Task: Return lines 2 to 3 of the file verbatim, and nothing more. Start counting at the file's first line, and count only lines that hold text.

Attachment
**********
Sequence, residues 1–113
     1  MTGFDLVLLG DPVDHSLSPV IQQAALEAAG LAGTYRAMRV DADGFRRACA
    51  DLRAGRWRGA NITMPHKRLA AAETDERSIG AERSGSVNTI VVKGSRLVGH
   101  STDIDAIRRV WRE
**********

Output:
     1  MTGFDLVLLG DPVDHSLSPV IQQAALEAAG LAGTYRAMRV DADGFRRACA
    51  DLRAGRWRGA NITMPHKRLA AAETDERSIG AERSGSVNTI VVKGSRLVGH